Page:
Do not go where the path may lead, 
go instead where there is no path and leave a trail

The Sugarman returns today with a story of courage, inspiration, and endeavor. 

As a nation of seafarers history has always bestowed us with heroic tales of life on the ocean wave. Sir Francis Drake, James Cook, Horatio Nelson and the owl and the pussycat to name but four of our aquatic immortals. 

Cast the net further a field and one mustn’t forget Popeye, Sinbad (the sailor not the fat scouser out of ‘Brookside’) and Alex Briley from the village people. 

All legends who donned their respective navy uniforms. However, the Sugarman breaks rank, in that the seafaring God I wish to add to that list today………. Is female. 

On November 27th last year, Roz Savage, a 37 year-old former management consultant, set out to row single-handed across the Atlantic from the Canaries to Antigua. She is the only solo female competitor in the 3000 mile ‘Atlantic Rowing Race’

At first glance, the Oxford blue from Cheshire, a daughter of Methodist preachers, hardly seems the type of character to warrant the Sugarman to ‘doth his cap in appreciation’. 

However, dig a little deeper and it quickly emerges that Roz Savage is certainly not some plumy voiced, jolly hockey sticks, horsey set type who got bored and jumped in a boat because she thought it would be ‘such fun’. 

Roz’ sporting prowess is top draw, she’s ran the London and New York marathons finishing in the top 2% for women in each, and has a marathon P.B of 3 hours 19 minutes. She’s twice won blades in the university boat races, and her membership of the royal geographical society has taken her on expeditions to Peru, and the Andean cloudforests near Machu Picchu. 

Savage is something of a real life Indiana Jones.

View of Roz Savage rowing in her boat Sedna Solo across the Atlantic


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When asked why she was embarking on the life threatening mission across the Atlantic she replied... 

'I was looking for a challenge to take me outside my comfort zone, to test my limits. It had to involve travel and adventure, and it had to be environmentally friendly. The Atlantic Rowing Race is perfect for me and I can´t wait to get going!'

Roz is currently about 3 weeks away from finishing the race and with it raising over £30,000 for charity. One mustn’t underestimate the sheer physical, technical, and mental triumph this will be if she pulls it off.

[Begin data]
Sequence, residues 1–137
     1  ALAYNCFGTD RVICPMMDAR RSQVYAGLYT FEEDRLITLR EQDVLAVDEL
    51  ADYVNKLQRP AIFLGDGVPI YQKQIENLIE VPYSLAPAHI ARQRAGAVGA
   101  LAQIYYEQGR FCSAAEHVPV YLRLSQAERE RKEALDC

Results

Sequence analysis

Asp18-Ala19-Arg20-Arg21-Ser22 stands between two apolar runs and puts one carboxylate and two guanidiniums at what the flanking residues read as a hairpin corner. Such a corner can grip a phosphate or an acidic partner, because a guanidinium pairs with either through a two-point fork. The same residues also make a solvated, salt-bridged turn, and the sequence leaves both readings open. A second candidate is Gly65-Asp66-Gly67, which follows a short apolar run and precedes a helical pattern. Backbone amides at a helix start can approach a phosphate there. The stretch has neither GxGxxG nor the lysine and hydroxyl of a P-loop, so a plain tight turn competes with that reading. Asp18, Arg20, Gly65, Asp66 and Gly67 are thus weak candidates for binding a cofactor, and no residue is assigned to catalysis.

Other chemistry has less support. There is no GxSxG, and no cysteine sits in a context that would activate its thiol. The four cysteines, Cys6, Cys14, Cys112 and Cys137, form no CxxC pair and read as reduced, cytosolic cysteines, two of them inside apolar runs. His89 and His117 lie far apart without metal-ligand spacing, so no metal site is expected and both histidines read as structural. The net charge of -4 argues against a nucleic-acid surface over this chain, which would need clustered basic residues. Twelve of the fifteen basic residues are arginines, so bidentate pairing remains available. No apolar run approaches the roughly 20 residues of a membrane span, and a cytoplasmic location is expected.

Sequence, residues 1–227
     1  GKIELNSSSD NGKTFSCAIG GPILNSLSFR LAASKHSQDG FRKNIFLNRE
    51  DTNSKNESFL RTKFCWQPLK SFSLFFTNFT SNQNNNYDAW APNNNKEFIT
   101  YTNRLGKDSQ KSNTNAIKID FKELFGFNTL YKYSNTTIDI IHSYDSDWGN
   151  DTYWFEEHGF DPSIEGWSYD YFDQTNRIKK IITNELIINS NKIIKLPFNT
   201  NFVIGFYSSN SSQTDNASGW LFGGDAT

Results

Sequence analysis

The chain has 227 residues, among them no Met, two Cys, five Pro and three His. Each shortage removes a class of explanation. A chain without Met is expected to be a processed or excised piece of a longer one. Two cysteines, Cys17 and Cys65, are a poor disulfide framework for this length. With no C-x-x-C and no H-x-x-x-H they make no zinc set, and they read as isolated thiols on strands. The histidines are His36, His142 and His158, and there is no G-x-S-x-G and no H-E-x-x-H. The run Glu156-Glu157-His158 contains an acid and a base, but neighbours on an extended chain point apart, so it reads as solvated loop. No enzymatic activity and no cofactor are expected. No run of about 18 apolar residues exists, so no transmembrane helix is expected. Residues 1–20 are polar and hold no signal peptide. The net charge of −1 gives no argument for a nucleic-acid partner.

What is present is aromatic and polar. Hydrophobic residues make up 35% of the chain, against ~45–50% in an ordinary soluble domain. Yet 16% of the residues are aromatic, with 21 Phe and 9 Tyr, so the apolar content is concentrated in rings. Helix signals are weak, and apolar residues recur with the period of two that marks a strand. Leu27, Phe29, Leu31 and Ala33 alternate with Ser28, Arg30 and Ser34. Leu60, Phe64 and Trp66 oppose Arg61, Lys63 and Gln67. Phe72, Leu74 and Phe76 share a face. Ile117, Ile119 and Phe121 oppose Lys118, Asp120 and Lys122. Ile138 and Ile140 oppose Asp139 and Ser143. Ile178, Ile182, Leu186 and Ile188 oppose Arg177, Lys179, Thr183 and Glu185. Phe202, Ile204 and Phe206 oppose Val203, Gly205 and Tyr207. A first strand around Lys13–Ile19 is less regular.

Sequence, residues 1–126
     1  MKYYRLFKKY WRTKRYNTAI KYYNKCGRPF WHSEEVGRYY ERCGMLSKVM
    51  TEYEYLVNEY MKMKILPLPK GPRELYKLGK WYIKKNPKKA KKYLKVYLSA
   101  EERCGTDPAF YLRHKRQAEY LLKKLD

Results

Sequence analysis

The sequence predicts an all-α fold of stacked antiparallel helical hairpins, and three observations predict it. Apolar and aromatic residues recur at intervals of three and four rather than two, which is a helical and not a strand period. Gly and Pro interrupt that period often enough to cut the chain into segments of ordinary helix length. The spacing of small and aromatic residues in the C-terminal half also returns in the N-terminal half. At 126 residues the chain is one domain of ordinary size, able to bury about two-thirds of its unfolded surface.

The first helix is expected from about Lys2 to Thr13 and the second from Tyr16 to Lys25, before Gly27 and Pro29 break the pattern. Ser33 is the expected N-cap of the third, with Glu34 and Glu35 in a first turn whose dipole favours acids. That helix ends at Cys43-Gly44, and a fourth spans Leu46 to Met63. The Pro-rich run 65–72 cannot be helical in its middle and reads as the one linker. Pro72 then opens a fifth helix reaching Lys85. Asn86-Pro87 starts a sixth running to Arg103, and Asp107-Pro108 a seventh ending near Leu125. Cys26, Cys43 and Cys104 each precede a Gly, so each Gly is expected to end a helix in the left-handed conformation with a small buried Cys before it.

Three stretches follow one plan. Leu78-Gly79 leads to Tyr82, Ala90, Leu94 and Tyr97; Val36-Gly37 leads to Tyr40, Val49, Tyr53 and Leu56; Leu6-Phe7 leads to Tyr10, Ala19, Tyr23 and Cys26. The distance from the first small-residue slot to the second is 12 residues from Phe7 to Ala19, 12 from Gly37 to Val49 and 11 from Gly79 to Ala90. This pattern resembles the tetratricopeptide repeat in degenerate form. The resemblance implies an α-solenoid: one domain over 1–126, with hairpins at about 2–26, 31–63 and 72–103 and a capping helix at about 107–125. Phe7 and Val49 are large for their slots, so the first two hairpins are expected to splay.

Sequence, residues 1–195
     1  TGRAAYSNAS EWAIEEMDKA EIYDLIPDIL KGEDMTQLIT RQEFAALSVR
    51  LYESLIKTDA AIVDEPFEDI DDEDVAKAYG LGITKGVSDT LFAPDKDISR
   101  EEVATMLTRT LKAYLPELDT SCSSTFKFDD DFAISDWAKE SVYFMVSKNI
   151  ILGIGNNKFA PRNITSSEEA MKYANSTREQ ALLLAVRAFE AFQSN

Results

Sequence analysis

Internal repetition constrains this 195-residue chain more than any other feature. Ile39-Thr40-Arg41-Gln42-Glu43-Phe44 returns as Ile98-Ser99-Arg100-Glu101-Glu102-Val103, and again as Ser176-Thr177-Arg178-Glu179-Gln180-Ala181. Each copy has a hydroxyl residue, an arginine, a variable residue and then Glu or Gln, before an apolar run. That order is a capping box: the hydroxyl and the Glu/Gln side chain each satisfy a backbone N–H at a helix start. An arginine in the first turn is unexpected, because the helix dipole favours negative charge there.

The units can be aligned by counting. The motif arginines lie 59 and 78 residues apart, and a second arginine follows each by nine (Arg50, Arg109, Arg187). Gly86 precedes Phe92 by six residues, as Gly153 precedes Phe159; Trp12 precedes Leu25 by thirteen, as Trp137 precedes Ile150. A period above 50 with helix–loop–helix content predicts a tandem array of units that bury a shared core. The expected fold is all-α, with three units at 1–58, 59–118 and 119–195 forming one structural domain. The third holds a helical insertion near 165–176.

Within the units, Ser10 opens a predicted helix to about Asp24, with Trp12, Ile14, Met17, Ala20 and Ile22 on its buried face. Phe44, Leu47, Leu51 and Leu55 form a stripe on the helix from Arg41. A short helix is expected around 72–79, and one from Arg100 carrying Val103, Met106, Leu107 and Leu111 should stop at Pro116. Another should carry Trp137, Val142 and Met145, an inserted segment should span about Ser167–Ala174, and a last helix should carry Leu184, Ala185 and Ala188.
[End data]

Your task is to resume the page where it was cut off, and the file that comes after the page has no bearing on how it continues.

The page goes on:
Roz recognises the limitations of her physique. She is 5 foot 4 inches tall, and usually weighs 8 stone (112 pounds), but has bulked up to 9 stone (126 pounds) in preparation for the race. 

As rowers go, this is not big. But she does have certain advantages - a genetically low resting heart rate (around 38 bpm), a high proportion of slow twitch muscle fibres, and good natural stamina makes her almost ‘made for rowing’. 

Mentally she has also approached the task in the right manner. Psychological gurus has focused on controlling where she puts her attention in order to help stay on task even when facing the toughest challenges. 

When under stress it is all too easy for athletes to start focusing on the wrong things - the competition, physical niggles, issues from the past and the future, and so on. These things are largely outside the athlete’s control, and as such are not a productive use of mental energy. 

With training, an athlete can learn to focus correctly the things that they can control, and hence concentrate on the process that will lead to achieving their overall objective. These two factors, of the physical and mental, coupled with the technical skills needed to negotiate waves in excess of 50 feet, in one of the world’s most dangerous oceans make this a superhuman effort. 

She’s sponsored by Paradisebet, and I suggest the good people of Bookiebusters join me on raising a glass to Roz Savage in acknowledgment of a genuine act of courage. Roz Savage sponsored by Paradisebet

A few days ago, television presenter Ben Fogle and Olympic champion James Cracknell, crossed the same finish line Roz Savage is currently heading toward. 

The Olympic pin up boy and his TV sidekick may have grabbed the headlines for finishing third overall in the two man class, but is it justified? I for one think not. 

In a mahogany and glass picture frame in James Cracknell’s house, in pride of place above his fireplace, sit his two Olympic gold medals. 

Engraved on the back are the words “Citius, Altius, Fortius”, the Olympic motto meaning “swifter, higher, stronger”…….. 

Agreed Cracknell was certainly swifter, for all I know he may well have sailed higher…. 

But is he really stronger than a five foot four, nine stone woman, who did exactly the same thing on her own? 

Its just a thought……


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